Our Housing team are delighted following a formal tender procurement process to have been appointed to three lots under the new multi-million-pound legal services framework for The Riverside Group.
Government statistics show that, on average, most cases take 12 years to resolve in the current litigious system, and it is hoped that the new system will lead to quicker resolutions for families with earlier payments of compensation made. The scheme would involve independent investigators considering the treatment provided and presenting their findings to a panel of legal and medical experts who decide if compensation is warranted. If families are not satisfied with the decision of the panel, then they are still entitled to pursue legal action.
Whilst it is positive that the Government is looking at alternative systems to address lengthy delays in resolving such claims, there is very little known at this stage as to when the scheme will be introduced and how it will operate. There are concerns that additional delays may be caused by entering into such a scheme, and later having to pursue a legal action when the findings are not satisfactory, as is often the case in the current system when independent investigations are undertaken during the complaint process.
For any children who have unfortunately suffered a brain injury as a result of suspected medical negligence, this is not satisfactory and families should not wait until more is known about the scheme before considering whether to take legal action.
For more information
We have a number of solicitors who specialise in dealing with claims involving brain damage caused as a result of negligent treatment during pregnancy, in labour or during the neonatal period. If you wish to discuss any concerns in that regard, please contact Victoria Fullilove.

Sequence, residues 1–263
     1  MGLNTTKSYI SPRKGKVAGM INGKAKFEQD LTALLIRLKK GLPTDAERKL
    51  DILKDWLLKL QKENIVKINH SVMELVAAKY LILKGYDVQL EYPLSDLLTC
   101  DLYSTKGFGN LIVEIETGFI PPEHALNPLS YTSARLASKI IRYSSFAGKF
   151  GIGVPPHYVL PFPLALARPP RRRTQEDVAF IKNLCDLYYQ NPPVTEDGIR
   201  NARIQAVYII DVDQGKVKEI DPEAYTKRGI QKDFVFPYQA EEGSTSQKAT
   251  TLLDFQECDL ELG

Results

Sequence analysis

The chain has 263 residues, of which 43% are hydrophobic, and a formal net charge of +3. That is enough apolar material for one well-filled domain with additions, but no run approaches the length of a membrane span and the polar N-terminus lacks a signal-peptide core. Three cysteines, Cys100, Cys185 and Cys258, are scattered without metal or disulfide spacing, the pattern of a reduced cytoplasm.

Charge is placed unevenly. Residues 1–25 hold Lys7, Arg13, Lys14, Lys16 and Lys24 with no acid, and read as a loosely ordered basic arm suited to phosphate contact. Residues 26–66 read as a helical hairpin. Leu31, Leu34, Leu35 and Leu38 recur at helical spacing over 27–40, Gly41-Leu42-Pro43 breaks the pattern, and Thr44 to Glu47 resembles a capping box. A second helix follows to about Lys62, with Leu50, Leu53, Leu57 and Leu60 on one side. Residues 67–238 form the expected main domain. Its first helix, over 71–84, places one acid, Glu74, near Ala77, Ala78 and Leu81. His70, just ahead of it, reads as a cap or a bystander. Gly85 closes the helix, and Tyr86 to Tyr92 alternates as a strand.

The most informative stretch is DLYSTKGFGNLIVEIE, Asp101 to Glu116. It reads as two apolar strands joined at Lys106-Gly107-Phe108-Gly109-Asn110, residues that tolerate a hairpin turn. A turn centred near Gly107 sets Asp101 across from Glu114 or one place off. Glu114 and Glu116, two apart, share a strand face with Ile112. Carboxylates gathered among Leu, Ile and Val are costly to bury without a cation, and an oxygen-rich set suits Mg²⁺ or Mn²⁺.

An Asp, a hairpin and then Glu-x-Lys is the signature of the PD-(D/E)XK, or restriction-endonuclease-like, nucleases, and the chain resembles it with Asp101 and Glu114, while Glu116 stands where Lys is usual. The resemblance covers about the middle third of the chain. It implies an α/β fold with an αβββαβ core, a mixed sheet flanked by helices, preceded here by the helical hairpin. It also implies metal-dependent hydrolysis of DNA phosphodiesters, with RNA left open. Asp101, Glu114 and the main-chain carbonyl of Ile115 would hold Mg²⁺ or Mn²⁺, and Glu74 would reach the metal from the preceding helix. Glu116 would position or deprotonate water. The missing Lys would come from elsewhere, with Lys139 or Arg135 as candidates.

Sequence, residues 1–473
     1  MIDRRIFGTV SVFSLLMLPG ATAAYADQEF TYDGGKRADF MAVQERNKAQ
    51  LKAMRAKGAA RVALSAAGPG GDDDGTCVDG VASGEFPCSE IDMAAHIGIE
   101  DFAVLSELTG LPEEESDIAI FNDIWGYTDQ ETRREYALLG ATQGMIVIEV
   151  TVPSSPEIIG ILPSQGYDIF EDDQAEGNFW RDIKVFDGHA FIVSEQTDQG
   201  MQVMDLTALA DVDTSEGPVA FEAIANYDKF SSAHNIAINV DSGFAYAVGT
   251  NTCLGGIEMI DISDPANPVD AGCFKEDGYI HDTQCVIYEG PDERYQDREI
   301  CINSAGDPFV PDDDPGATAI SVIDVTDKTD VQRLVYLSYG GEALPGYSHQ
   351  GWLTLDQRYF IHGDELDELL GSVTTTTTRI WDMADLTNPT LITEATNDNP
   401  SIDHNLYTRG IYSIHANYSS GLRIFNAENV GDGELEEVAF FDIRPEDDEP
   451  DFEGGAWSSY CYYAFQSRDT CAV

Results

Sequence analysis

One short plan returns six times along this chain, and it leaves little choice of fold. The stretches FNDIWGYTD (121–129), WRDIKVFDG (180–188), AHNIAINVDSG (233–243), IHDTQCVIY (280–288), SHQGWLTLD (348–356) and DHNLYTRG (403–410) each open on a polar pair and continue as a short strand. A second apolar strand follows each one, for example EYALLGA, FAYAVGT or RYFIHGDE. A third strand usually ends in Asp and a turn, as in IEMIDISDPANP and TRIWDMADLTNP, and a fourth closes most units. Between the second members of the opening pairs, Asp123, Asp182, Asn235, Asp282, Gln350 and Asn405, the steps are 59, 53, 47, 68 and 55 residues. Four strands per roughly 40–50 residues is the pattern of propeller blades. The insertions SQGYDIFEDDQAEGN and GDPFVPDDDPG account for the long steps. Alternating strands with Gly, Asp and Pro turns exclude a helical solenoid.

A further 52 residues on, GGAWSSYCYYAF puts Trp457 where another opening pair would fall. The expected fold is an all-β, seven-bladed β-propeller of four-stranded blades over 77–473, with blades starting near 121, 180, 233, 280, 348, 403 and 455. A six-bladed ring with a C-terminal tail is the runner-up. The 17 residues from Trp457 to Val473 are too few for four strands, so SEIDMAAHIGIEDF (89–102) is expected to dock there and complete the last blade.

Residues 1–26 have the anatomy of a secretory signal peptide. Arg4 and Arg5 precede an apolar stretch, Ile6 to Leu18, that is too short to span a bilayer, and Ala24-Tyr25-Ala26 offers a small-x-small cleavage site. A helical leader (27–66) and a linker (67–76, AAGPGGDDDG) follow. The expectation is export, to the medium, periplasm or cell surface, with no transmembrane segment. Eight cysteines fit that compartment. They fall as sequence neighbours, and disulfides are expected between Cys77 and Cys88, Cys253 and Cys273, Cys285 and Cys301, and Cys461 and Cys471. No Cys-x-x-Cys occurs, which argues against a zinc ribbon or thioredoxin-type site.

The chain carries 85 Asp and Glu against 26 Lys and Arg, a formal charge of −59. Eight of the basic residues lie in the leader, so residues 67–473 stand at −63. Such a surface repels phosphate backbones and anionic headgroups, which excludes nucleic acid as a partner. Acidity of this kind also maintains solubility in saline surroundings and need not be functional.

Necrotising Fasciitis, more commonly known as the ‘flesh-eating disease’, is a significant medical condition that requires urgent treatment.
Many of us who have been following the unfolding Inquest, are not surprised that the Coroner found gross and significant failures on the part of those caring for him.
Transferring out of SHPS will not be suitable for every housing association. So what should housing associations do?
In all the action to remove defective cladding, leaseholders have been the elephant in the room. Whilst social landlords might have adopted a wait and see approach private landlords do not have that luxury.
We welcome the Labour Party’s commitment to doubling the size of the co-operative economy. We wholeheartedly support the ambition to grow this vitally important part of the economy.
It was first referred to in the Charities Act 2006 (which was subsequently replaced by the Charities Act 2011) but it has finally been announced that charitable companies are able to convert to a charitable incorporated organisation (“CIO”).
The Private Members Bill Homes (Fitness for Human Habitation and Liability for Housing Standards) Bill 2017-19 now has Government support and was debated at second reading on Friday 19 January 2018.
In short - yes. This is a common question in personal injury or clinical negligence claims and has recently come before the High Court in judicial review proceedings.
GDPR The General Data Protection Regulations (GDPR) will come into force on 25 May 2018 and bring changes to the rules governing data protection and the requirements placed on organisations which control or process personal data.
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